# Definition:Taxicab Metric

## Contents

## Definition

Let $M_{1'} = \left({A_{1'}, d_{1'}}\right)$ and $M_{2'} = \left({A_{2'}, d_{2'}}\right)$ be metric spaces.

Let $A_{1'} \times A_{2'}$ be the cartesian product of $A_{1'}$ and $A_{2'}$.

The **taxicab metric** on $A_{1'} \times A_{2'}$ is defined as:

- $d_1 \left({x, y}\right) := d_{1'} \left({x_1, y_1}\right) + d_{2'} \left({x_2, y_2}\right)$

where $x = \left({x_1, x_2}\right), y = \left({y_1, y_2}\right) \in A_{1'} \times A_{2'}$.

### General Definition

The **taxicab metric** on $\displaystyle \mathcal A = \prod_{i \mathop = 1}^n A_{i'}$ is defined as:

- $\displaystyle d_1 \left({x, y}\right) := \sum_{i \mathop = 1}^n d_{i'} \left({x_i, y_i}\right)$

where $x = \left({x_1, x_2, \ldots, x_n}\right), y = \left({y_1, y_2, \ldots, y_n}\right) \in \mathcal A$.

### Real Number Plane

This metric is often seen in the context of the real number plane $\R^2$:

The **taxicab metric** on $\R^2$ is defined as:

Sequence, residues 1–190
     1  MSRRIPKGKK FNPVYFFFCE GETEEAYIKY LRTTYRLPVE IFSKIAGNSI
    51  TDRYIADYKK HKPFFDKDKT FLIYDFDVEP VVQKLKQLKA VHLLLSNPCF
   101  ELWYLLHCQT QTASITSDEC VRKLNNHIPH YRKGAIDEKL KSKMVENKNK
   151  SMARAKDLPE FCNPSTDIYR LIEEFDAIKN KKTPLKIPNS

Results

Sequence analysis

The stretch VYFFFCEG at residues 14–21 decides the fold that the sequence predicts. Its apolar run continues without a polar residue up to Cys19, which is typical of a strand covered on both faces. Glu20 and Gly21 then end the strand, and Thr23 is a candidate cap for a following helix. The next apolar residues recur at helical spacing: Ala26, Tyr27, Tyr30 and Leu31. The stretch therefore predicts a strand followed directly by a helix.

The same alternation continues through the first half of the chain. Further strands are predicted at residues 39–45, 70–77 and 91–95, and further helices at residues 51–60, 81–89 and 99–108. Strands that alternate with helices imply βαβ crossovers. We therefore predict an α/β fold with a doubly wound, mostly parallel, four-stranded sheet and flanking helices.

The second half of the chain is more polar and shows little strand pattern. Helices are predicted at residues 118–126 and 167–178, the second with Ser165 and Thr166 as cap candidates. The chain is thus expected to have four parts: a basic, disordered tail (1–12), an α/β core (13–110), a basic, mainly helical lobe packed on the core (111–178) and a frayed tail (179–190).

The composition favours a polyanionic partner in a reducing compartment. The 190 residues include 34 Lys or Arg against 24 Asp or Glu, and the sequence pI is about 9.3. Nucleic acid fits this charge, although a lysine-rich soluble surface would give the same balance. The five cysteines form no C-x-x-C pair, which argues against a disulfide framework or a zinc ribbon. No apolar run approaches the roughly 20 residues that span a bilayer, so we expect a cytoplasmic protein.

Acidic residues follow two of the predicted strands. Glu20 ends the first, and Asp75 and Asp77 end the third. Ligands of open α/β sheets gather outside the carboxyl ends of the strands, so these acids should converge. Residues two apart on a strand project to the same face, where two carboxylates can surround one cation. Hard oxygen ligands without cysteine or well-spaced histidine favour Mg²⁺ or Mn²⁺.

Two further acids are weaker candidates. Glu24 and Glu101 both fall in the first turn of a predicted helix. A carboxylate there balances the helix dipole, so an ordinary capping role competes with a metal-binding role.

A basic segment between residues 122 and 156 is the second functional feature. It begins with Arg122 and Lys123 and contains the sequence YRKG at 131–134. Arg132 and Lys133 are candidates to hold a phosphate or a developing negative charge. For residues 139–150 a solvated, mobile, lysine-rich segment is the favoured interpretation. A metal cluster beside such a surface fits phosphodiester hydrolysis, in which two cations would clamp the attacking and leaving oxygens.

- $\displaystyle d_1 \left({x, y}\right) := \left\vert {x_1 - y_1}\right\vert + \left\vert {x_2 - y_2}\right\vert$

where $x = \left({x_1, x_2}\right), y = \left({y_1, y_2}\right) \in \R^2$.

## Graphical Example

This diagram shows the open $\epsilon$-ball of point $A$ in the $\left({\R^2, d_1}\right)$ metric space where $d_1$ is the taxicab metric.

Note that $\epsilon = \epsilon_1 + \epsilon_2$.

Neither the boundary lines nor the extreme points are actually part of the open $\epsilon$-ball.

## Linguistic Note

Imagine a city whose streets form a grid pattern. That is, all the streets run, for example, either North-South or East-West.

It is assumed that one can travel only along the streets.

To travel between any two locations in the city, one must therefore travel a certain distance (possibly zero) North or South, and a certain distance (also possbly zero) East or West.

The driver of a taxicab constantly needs to know the distance between any two points in the city.

However, that distance is measured not directly, but along the streets of the city.

Hence the distance between any two points in a taxicab metric is measured as the sum of the difference between the corresponding coordinates of those points.

## Also see

- Results about
**the taxicab metric**can be found here.

## Notation

The notation is awkward, because it is necessary to use a indexing subscript for the $n$ metric spaces contributing to the product, and also for the $p$th exponential that defines the metric itself.

Thus the "prime" notation on the $n$ metric spaces.

## Sources

- 1975: W.A. Sutherland:
*Introduction to Metric and Topological Spaces*... (previous) ... (next): $2.2$: Examples: Example $2.2.7$